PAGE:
The Oxford Handbook of Eye Movements

Paperback | June 9, 2013

EditorSimon Liversedge, Iain Gilchrist, Stefan Everling

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In the past few years, there has been an explosion of eye movement research in cognitive science and neuroscience. This has been due to the availability of "off the shelf" eye trackers, along with software to allow the easy acquisition and analysis of eye movement data. Accompanying this hasbeen a realisation that eye movement data can be informative about many different aspects of perceptual and cognitive processing. Eye movements have been used to examine the visual and cognitive processes underpinning a much broader range of human activities, including, language production,dialogue, human computer interaction, driving behaviour, sporting performance, and emotional states. Finally, in the past thirty years, there have been real advances in our understanding of the neural processes that underpin eye movement behaviour. The Oxford Handbook of Eye Movements provides the first comprehensive review of the entire field of eye movement research. In over fifty chapters, it reviews the developments that have so far taken place, the areas actively being researched, and looks at how the field is likely to devlop in thecoming years. The first section considers historical and background material, before moving onto section 2 on the neural basis of eye movements. The third and fourth sections looks at visual cognition and eye movements and eye movement pathology and development. The final sections consider eyemovements and reading and language processing and eye movements. Bringing together cutting edge research from and international team of leading psychologists, neuroscientists, and vision researchers, this book is the definitive reference work in this field.

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In the past few years, there has been an explosion of eye movement research in cognitive science and neuroscience. This has been due to the availability of "off the shelf" eye trackers, along with software to allow the easy acquisition and analysis of eye movement data. Accompanying this hasbeen a realisation that eye movement data can...

Simon Liversedge is Director of Research and Professor of Experimental Psychology at the University of Southampton, UK. Iain Gilchrist is Professor in the Department of Experimental Psychology at the University of Bristol, UK. Stefan Everling is Robarts Scientist and Associate Professor of Physiology and Pharmacology at the Centre for...

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The Oxford Handbook of Eye Movements
The Oxford Handbook of Eye Movements

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Format:PaperbackDimensions:1048 pagesPublished:June 9, 2013Publisher:Oxford University PressLanguage:English

The following ISBNs are associated with this title:

ISBN - 10:0199683433

ISBN - 13:9780199683437

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Table of Contents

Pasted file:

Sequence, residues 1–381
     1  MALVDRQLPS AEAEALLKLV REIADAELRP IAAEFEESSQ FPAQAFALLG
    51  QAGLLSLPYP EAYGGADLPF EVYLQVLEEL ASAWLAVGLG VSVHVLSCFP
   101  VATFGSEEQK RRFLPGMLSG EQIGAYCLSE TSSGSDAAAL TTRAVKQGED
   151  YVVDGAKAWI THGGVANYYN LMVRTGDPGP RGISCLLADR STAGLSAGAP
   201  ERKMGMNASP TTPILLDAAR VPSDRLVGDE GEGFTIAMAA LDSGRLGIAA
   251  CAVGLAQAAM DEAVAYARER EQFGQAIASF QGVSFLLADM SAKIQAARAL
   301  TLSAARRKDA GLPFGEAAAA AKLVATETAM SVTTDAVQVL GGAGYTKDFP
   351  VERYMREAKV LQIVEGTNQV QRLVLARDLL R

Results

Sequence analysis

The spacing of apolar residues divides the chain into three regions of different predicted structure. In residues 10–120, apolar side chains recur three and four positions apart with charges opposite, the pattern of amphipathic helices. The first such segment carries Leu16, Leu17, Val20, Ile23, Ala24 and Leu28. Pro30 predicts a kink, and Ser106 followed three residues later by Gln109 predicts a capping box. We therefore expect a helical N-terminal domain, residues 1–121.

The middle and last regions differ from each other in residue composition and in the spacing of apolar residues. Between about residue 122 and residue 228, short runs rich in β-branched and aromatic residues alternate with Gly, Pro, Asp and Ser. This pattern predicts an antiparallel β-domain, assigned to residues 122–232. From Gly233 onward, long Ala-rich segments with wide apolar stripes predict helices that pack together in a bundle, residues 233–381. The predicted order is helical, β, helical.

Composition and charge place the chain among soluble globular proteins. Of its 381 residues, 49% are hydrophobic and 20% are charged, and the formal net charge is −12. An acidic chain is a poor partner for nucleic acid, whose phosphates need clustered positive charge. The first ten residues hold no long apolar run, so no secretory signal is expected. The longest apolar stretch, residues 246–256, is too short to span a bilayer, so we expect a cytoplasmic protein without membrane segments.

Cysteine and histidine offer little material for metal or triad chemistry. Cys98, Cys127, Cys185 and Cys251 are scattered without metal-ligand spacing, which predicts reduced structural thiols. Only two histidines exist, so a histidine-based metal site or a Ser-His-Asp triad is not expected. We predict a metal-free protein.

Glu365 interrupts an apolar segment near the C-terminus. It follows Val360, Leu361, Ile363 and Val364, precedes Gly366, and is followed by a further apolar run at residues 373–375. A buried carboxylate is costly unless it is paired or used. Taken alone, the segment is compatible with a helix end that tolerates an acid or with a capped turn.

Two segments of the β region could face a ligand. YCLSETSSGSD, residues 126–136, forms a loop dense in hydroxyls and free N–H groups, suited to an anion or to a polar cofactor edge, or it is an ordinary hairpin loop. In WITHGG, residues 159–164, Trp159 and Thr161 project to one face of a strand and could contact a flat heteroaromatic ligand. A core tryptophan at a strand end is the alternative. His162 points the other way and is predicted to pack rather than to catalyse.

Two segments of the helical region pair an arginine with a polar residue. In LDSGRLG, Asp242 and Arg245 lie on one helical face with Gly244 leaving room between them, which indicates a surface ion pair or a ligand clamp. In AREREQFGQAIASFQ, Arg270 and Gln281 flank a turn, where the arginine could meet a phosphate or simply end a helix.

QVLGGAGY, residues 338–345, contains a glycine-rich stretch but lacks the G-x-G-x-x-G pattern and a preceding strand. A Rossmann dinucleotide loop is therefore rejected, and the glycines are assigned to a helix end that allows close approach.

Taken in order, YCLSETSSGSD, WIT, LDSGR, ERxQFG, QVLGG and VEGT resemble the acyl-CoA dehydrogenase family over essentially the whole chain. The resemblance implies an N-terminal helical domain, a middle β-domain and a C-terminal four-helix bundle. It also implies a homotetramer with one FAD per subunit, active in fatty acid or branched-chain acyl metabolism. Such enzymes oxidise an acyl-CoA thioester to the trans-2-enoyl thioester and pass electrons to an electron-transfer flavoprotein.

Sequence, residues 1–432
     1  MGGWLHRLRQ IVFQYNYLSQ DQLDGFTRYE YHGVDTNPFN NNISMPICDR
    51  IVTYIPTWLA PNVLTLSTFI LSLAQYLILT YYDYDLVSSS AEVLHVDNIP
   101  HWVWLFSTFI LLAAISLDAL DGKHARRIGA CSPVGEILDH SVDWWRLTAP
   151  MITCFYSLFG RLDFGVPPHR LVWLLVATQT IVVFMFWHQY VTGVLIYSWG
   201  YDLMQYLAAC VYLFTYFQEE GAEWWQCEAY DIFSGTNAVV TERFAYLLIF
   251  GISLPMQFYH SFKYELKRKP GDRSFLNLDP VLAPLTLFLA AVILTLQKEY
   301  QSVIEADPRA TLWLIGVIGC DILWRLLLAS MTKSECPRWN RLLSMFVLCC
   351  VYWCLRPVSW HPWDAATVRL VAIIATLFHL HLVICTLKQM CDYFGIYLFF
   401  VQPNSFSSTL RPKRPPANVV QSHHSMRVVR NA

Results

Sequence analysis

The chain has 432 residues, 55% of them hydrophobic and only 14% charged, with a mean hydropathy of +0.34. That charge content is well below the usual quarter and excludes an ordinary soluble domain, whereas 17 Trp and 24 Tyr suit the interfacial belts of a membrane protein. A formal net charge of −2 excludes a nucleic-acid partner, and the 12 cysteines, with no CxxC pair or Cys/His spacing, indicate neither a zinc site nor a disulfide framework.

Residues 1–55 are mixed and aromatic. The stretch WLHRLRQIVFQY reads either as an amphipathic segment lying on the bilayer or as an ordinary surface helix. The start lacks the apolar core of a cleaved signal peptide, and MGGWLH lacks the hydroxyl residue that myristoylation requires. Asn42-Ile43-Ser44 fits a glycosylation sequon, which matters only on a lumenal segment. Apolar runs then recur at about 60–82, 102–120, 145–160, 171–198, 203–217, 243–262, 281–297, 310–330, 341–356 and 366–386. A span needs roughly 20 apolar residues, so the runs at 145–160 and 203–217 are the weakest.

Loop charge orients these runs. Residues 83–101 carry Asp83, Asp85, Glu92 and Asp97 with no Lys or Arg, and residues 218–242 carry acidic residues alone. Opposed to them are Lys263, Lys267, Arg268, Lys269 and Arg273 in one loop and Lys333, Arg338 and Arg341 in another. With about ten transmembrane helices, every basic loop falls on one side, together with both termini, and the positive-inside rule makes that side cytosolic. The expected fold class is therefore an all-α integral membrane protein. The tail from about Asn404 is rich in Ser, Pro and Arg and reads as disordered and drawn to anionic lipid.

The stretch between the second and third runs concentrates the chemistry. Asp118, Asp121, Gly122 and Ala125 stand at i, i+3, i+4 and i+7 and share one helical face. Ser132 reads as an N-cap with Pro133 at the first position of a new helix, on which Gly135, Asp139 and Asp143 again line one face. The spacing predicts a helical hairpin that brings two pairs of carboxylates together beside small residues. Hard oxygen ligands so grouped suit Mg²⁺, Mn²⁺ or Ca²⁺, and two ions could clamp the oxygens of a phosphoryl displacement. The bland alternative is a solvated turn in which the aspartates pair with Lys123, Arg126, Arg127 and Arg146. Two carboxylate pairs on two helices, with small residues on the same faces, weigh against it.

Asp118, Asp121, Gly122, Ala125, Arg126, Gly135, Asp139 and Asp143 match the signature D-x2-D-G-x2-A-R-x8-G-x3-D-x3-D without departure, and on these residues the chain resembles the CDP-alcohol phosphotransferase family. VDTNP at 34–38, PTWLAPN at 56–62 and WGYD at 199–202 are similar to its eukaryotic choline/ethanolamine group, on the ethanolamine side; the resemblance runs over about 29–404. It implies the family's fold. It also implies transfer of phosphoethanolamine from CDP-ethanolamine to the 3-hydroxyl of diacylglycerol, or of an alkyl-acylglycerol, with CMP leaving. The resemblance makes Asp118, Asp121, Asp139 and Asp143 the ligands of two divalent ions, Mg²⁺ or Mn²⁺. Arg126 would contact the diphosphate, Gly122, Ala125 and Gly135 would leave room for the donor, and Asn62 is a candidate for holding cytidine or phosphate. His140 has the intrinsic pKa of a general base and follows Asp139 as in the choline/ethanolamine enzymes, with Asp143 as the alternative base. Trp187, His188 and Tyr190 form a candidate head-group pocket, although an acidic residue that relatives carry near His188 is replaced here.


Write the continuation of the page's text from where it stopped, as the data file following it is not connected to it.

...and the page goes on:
The eye movement repertoire1. Land: Oculomotor behaviour in vertebrates and invertebrates2. Wade and Tatler: Origins and Applications3. Hess: Vestibular response4. Distler and Hoffman: Optokinetic Reflex5. Gilchrist: Saccades6. Martinez-Conde and Macknik: Microsaccades7. Barnes: Ocular pursuit movementsNeural basis of eye movements8. Angelaki: Oculomotor plant and its role in 3D eye orientation9. Cullen and van Horn: Brainstem pathways and premotor control10. Thier: Oculomotor cerebellum11. White and Munoz: Superior colliculus12. Vokoun, Mahamed, and Basso: Saccadic eye movements and the basal ganglia13. Tanaka and Kunimatsu: Thalamic roles in eye movements14. Pare and Dorris: Role of Posterior Parietal Cortex in the Regulation of Saccadic Eye Movements15. Johnston and Everling: Frontal cortex and saccadic control16. Corneil: Eye-head gaze shifts17. Ghandi and Katnani: Interactions of eye and eyelid movements18. Crawford and Klier: Neural Control of Three-Dimensional Gaze Shifts19. Schall and Cohen: Neural basis of saccade target selection20. Curtis: Testing animal models of human oculomotor control with neuroimaging21. Muri and Nyffeler: Eye movements and TMS22. Sumner: Determinants of saccade latency23. Ludwig: Saccadic decision making24. Geisler and Cormack: Models of overt attention25. Kristjansson: Covert attention26. Klein: Inhibition of return27. Amlot and Walker: Multisensory saccade generationVisual cognition and eye movements28. Bridgeman: Visual stability29. Reingold and Sheridan: Expertise30. Spivey and Dale: Problem solving31. Brockmole and Matsukura: Change detection32. Peterson and Beck: Memory33. Henderson: Scene perception34. Hayhoe and Ballard: Natural visionEye movement pathology and development35. Luna and Velanova: Development of eye movement control36. Blythe and Joseph: Children's eye movements during reading37. Harris: Evo-devo perspective38. McDowell, Clementz, and Sweeney: Psychiatric patients39. Benson and Fletcher-Watson: AutismEye movement control during reading40. Vitu: Visual influences in reading41. Rayner and Liversedge: Cognitive and linguistic influences in reading42. Engbert and Reichle: Serial models: E-Z Reader43. Engbert: Parallel models: SWIFT44. Kirkby, White, and Blythe: Binocular coordination during reading45. Hyona: Parafoveal processing46. Drieghe: Parafoveal on foveal effects47. Baccino: Eye movements and concurrent ERP's: EFRPs investigations in readingLanguage processing and eye movements48. Juhasz and Pollatsek: Lexical processing49. Clifton and Staub: Syntactic processing50. Warren: Plausibility effects51. Filik, Paterson, and Sauermann: Focus effects52. Kreysa and Pickering: Dialogue53. Zang, Liversedge, Bai, and Yan: Chinese reading54. Altmann: Visual world